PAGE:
Identifying risks

Following a standard risk management process, procurement fraud risks should be identified and assessed and appropriate strategies for their management should be implemented and kept under review. This involves estimating the probability, impact and proximity of each risk by conducting risk assessments and incorporating this into your current preventative measures.  The risks should be recorded in a risk register, together with an allocated risk owner and how the risk to is responded to i.e. what further controls should be implemented to manage continuing risks.


In order to prevent procurement fraud, you should ensure that there is mandatory use of standard procurement documents and all vendors are required to complete pre-qualification/selection questionnaires.  Also ensure that standard terms and conditions of contract are used and comprise a non-collusion clause.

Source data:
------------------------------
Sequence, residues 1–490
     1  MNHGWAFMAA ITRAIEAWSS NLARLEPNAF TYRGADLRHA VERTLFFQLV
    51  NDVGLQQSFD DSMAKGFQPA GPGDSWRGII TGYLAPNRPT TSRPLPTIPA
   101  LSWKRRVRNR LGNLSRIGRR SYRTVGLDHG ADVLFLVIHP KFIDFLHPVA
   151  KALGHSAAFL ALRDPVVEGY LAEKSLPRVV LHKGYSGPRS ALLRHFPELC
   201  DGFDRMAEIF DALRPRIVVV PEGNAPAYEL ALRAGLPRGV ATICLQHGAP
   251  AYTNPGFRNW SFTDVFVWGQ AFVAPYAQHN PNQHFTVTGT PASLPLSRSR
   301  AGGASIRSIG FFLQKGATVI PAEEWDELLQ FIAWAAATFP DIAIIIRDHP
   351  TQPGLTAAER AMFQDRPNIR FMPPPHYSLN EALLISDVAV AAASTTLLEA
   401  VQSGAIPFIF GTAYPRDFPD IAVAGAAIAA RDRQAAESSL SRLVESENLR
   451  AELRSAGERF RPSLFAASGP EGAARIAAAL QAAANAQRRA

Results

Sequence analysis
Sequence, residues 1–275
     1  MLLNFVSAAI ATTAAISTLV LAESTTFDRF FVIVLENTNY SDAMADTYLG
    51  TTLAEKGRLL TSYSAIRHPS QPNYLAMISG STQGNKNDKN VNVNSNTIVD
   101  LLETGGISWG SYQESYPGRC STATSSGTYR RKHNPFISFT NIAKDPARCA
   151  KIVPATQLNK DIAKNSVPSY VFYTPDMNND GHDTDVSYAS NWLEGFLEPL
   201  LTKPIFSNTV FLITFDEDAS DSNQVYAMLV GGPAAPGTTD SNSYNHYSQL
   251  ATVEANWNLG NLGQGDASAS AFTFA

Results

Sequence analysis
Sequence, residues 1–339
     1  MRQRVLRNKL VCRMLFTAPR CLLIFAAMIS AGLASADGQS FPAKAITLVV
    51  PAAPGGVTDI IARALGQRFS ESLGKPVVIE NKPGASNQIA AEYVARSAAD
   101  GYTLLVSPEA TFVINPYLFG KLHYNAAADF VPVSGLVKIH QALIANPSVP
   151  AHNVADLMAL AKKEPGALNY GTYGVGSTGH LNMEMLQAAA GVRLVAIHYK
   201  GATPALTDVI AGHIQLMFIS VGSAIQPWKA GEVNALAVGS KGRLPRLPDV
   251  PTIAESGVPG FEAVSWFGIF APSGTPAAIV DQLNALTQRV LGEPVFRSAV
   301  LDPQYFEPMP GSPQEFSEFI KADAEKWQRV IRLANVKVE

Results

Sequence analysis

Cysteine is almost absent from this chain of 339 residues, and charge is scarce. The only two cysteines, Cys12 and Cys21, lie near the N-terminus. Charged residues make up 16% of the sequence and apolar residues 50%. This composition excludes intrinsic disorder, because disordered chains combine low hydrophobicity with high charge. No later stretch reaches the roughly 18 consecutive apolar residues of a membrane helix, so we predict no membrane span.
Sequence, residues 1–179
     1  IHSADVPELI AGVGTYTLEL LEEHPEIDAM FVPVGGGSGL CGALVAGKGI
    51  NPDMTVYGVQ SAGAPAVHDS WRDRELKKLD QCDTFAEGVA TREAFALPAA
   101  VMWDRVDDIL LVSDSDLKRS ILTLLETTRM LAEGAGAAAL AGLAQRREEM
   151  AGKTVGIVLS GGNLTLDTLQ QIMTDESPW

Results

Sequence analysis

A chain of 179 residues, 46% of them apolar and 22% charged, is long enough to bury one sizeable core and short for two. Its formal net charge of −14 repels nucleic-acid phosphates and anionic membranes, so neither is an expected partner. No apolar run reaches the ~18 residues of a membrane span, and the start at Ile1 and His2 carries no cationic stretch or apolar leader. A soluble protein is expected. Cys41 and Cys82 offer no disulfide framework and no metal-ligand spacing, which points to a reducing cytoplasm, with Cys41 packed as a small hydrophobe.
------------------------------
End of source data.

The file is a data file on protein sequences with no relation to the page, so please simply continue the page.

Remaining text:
All organisations should also have the following registers in place:

  • Register of gifts and hospitality
  • Risk register (as mentioned above)
  •  Contracts register


Preventing procurement fraud is an ongoing process that requires vigilance, commitment and a proactive approach.  By implementing the steps outlined in this article, organisations in the public sector can significantly reduce their vulnerability to fraud and protect their financial assets and reputation. 

It is crucial to stay updated on emerging fraud risks and continuously refine your anti-fraud measures to adapt to changing circumstances.  Preventing procurement fraud is not just a cost-saving measure but an essential element of responsible and ethical business conduct.

Click to view part one and part two.